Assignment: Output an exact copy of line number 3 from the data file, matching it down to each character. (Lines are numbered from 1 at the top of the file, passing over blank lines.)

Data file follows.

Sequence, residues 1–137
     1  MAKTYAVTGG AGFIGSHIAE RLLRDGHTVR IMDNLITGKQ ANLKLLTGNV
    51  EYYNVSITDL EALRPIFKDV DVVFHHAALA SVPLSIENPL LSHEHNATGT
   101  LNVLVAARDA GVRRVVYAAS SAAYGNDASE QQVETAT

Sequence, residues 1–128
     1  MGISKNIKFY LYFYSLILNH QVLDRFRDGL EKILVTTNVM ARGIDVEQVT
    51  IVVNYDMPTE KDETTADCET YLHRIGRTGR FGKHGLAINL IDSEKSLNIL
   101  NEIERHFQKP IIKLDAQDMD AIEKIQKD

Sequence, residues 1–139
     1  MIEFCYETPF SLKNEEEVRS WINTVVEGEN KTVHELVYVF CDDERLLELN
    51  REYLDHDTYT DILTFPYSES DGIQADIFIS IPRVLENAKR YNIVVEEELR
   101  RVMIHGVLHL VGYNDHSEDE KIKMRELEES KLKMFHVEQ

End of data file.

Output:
    51  EYYNVSITDL EALRPIFKDV DVVFHHAALA SVPLSIENPL LSHEHNATGT